Photography and Japan (Exposures) (英語) ペーパーバック – 2011/5/15
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In Photography and Japan, Karen Fraser argues that the diversity of styles, subjects, and functions of Japanese photography precludes easy categorization along nationalized lines. Instead, she shows that the development of photography within Japan is best understood by examining its close relationship with the country s dramatic cultural, political, and social history.
Photography and Japan covers 150 years of photography, a period in which Japan has experienced some of the most significant events in modern history and made a remarkable transformation from an isolated, feudal country into an industrialized, modern world power a transformation that included a striking rise and fall as an imperial power during the first half of the twentieth century and a miraculous economic recovery in the decades following the devastation of World War II. The history of photography has paralleled these events, becoming inextricably linked with notions of modernity and cultural change.
Through thematic chapters that focus on photography s role in negotiating cultural identity, war, and the documentation of urban life, Photography and Japan introduces many images that will be unfamiliar to Western viewers and provides a broadened context for those photos that are better known."
Karen Fraser is assistant professor in the Department of Art and Art History at Santa Clara University in California. Her articles have appeared in such journals as History of Photography, Encyclopedia of Nineteenth Century Photography, The History of Japanese Photography, and Rutgers Art Review."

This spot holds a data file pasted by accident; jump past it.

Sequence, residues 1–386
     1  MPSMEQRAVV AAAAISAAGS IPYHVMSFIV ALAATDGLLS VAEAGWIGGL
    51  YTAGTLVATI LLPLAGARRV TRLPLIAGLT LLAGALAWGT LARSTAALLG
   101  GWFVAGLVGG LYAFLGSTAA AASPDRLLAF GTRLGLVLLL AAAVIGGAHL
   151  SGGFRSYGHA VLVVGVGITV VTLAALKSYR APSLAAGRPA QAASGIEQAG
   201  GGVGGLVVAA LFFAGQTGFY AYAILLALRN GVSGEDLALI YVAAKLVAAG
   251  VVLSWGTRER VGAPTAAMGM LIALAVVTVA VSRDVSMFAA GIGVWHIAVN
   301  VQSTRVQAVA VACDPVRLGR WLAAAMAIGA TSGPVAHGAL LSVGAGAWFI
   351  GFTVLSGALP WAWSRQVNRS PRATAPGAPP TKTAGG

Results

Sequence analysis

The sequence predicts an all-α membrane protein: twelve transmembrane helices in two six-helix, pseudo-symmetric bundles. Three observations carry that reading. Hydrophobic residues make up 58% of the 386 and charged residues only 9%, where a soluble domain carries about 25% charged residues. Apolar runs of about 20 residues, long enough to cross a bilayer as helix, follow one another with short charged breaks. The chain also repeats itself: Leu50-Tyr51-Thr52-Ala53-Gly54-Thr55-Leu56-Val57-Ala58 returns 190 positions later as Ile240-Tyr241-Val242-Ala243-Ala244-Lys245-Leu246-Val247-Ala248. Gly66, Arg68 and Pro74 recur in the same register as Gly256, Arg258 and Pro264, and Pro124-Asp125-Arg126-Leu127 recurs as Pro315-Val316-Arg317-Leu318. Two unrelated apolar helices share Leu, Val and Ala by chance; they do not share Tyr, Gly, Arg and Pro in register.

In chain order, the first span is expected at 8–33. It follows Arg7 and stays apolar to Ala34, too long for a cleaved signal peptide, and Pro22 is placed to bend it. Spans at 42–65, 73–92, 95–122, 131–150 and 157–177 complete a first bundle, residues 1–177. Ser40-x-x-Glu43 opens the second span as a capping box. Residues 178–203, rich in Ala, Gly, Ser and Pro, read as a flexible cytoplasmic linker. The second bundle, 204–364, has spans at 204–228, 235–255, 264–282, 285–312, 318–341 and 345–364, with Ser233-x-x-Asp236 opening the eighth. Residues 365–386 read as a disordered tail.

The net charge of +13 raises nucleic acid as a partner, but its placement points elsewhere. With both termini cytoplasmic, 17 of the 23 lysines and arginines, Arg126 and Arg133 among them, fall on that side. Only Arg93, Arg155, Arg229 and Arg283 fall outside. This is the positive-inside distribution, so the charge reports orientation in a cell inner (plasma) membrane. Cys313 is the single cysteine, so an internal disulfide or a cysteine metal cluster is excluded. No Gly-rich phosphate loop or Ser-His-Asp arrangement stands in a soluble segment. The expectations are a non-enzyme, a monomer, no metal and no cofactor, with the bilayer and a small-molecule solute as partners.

The author mentions the most important Japanese photographers, whether they are from the Meiji Period or the present day. The book is also heavily illustrated in color, making it very interesting to thumb through.
Thus, it is a great introduction to Japanese photography for everyone. The book has an Introduction, and then only three chapters. Chapter One centers on people and portraits, Chapter 2 focuses on wartime photography, and Chapter 3 is about cityscapes and street photos. It's not a massive, intimidating book. You can probably read it in a few hours.
In the Introduction, the author asks the basic question, "What is Japanese photography?" This is a question I've wrestled with myself before. I pretty much define it as photography created by a Japanese national and/or images of Japan and the Japanese. Of course, there are inherent flaws with this definition, but I have been using it as a basic guideline
Instead of trying to define what Japanese photography is, the author has pursued to link photography in Japan with Japan's social history. She shows how Japanese photography is distinctive through its reflection of Japan's social history. This makes it a very interesting read as you learn about both Japanese photography history and Japanese social history.
About Shigeo Gocho's "Familiar Street Scenes," the author says: "Shot from eye level and below (many seem to be chest- or waist-high views) without using the viewfinder. . . "(pp.142-143) This remark is strange given that in the endnote she refers to the exhibition catalogue of Gocho's 2003 solo-exhibition in which the curator suggests that because of the illness Gocho suffered from in his childhood he "was smaller than other adults. His height was in the mid-140 cms." Then, her following remark, "Because of the technique used, the subjects rarely meets the gaze of the photographer, and the resulting images feel somewhat surreptitious" does not really make sense.